Non-governmental organisations and alert farmers are horrified at the GEAC's decision which is considered to be the first major step toward liberally allowing genetically modified crops and vegetables into the Indian market. Although Bt cotton is still produced in many Indian states, so far India has resisted the private sector's attempts to produce/market GM foods.
Gujarati farmers have made millions from Bt cotton in the last five years, but on the issue of Bt brinjal Indian farmers, including those in Gujarat, are divided.
The issue is so serious that India's renowned agriculture scientist M S Swaminathan has also urged the government to 'go slow' on it. Recently, he was quoted by a Chennai daily as saying: "Every technology has its benefits and risks. But it all depends on our capacity to analyse risks and benefits. We must analyse whether the risks are more or the benefits are more. There should be an authority to analyse these risks and benefits in a transparent way. Unfortunately, we don't have an authority like that."
Kapil Shah, head of the Baroda-based Jatan (an organisation that has been pioneering the organic farming movement in Gujarat), says: "The opposition to Bt brinjal is mainly because India doesn't have enough research facilities and infrastructure to monitor the long-term impact of GM foods. Companies that want to make millions from selling genetically engineered foods are the only ones doing any field research. There is no independent research or monitoring whatsoever." Shah is known for his significant research on natural and organic farming.
The opposition to Bt brinjal is so strong that Union Environment Minister Jairam Ramesh is touring the entire country and holding open sessions to understand firsthand the views of farmers and experts on the issue.
Ramanbhai Patel, who is a strong opponent of Bt brinjal, says: "What you wear on your skin (Bt cotton) is different from what you eat (Bt brinjal). How can you eat toxic food? The element that kills insects remains in the final product of GM brinjal. It is as simple as that."
Jatan's Shah says, "Wherever minister Ramesh has gone, most people have opposed Bt brinjal. Mahyco has sent its representatives to speak with cultivators but most of the farmers understand that they don't want to poison their land and their food."
According to Shah, the meetings called by Jairam Ramesh in Kolkata saw that of the 56 representations received, 41 opposed Bt brinjal. In Bhubaneswar, 65 of the 70 farmers and experts gathered there opposed Bt brinjal, while in Ahmedabad out of the 66 people who came to give their opinion at the open session, 51 opposed it.
"Ramesh is facing the ire of experts and farmers because they fear that the GM seed companies will enter the Indian market, by hook or crook," says Narsibhai Patel, who observed a token fast on January 30 at the Gandhi Ashram in Ahmedabad to oppose Bt brinjal.
He says, "Farmers won't pick up Bt brinjal seeds, like they took Bt cotton, because even when the production of brinjal is good we just don't get enough money. Many a time, we have to sell 20 kg brinjals at Rs 8. Sometimes we don't even get money enough to cover the cost of the sack in which we carry our produce to the market. We don't need Bt seeds. We need cheaper pesticides or some alternative."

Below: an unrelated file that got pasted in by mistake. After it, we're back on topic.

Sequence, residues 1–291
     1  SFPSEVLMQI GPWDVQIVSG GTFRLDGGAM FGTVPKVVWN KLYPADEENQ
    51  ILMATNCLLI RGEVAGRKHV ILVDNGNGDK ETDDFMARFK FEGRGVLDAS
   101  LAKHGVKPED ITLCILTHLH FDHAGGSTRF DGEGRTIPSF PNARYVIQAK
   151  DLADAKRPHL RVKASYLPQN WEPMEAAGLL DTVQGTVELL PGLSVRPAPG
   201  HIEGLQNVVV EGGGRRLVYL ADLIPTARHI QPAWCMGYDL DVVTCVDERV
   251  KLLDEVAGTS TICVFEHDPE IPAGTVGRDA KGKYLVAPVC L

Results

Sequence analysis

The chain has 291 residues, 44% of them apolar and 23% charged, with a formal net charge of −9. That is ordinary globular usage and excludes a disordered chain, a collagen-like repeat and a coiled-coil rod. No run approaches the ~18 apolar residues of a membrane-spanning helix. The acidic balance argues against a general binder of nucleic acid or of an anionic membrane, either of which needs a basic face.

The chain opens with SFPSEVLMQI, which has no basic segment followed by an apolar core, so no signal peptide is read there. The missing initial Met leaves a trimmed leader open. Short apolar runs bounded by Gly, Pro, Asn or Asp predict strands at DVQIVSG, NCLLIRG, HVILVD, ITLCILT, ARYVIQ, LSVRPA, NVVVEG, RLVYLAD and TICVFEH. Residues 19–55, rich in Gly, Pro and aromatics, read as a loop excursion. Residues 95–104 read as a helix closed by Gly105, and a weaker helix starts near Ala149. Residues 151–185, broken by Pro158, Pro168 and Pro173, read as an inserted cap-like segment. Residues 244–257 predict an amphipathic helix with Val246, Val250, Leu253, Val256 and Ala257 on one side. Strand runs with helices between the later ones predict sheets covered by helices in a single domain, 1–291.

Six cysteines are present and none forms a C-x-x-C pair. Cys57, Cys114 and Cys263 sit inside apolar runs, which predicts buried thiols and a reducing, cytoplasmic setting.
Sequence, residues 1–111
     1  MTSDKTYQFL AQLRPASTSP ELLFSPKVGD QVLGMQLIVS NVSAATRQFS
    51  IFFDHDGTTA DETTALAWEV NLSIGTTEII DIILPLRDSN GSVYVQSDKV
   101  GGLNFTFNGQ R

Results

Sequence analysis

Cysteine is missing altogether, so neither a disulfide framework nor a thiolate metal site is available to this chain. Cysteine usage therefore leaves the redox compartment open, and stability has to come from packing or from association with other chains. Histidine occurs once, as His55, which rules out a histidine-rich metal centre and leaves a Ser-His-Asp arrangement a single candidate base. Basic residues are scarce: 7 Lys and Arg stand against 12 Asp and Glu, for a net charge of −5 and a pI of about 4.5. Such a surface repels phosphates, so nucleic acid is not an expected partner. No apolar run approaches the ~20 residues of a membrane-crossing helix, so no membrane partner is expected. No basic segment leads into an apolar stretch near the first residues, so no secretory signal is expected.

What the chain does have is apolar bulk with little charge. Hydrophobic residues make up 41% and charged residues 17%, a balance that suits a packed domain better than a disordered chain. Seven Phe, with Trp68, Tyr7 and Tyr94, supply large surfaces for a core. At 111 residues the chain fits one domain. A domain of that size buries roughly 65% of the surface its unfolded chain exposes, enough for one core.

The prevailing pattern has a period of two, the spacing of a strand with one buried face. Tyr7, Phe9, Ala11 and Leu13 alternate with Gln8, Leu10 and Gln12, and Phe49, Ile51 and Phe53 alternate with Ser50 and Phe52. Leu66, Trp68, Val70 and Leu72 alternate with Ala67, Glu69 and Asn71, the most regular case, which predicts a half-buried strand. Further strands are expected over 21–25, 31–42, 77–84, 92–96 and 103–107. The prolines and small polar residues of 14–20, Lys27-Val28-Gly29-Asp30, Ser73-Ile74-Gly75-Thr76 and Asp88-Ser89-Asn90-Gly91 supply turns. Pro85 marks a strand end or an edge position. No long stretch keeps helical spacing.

Some three dozen farmers were participating in dharna in Ahmedabad to protest the government's attempt to give permission to Bt brinjal.
In New Delhi, Jairam Ramesh had assured that he would take a decision on Bt brinjal in mid-February, and now the farmers are waiting anxiously. Union Agriculture Minister Sharad Pawar has already supported the marketing of the Bt brinjal as GEAC has approved it. But the problem is that the credibility of GEAC is under a cloud.
Jatan's Kapil Shah points out: "Some time back GEAC had written to the Gujarat government to destroy the illegal crop of Bt cotton, but no action was taken. How do you expect any better implementation of rules in case of brinjal?"
When rediff.com met some of the farmers in Medhasan village they were scared to talk to the media. Two local farmers who have accepted seeds from Mahyco were afraid to give their names.
They told rediff.com, "It is true that Mahyco has given us brinjal seeds, but we don't know what it contains! We are not sure if its hybrid or Bt brinjal." They avoided all queries related to the subject.
An old farmer in Anandpara village near Modasa said, "When we heard that farmers of Andhra Pradesh, Kerala and Maharashtra have accepted illegal Bt brinjal seeds, we too thought of trying it. We are waiting to see the development."
According to his neighbour, they had informed the villagers that they were ready to develop a 'seed plot' for Mahyco.
A senior government officer, dealing exclusively with farmers in Modasa, says: "What regulation? In matters pertaining to rules and regulations in the agriculture sector, India is like a banana republic. The production of Bt cotton also started illegally in a similar fashion. Even today, it is produced illegally in many places. The agriculture sector is in a complete state of chaos. There is no enforcement of law once you go into the interiors of the country."
Shah says that "India grows brinjal worth more than Rs 200 crore (Rs 2 billion) on around 550,000 hectares of farmland. We should oppose Bt brinjal because it is symbolic. One does not know where the entire issue of GM foods will end. We are shooting in the dark without fully knowing and understanding the side-effects."
And even though the supporters of GM foods have ample arguments to counter the robust opposition to Bt brinjal, Jairam Ramesh's current tour shows that the seed companies who are eyeing big business from India will have to work harder to enter the Indian market.
It seems that the battle for GM foods in India has just begun.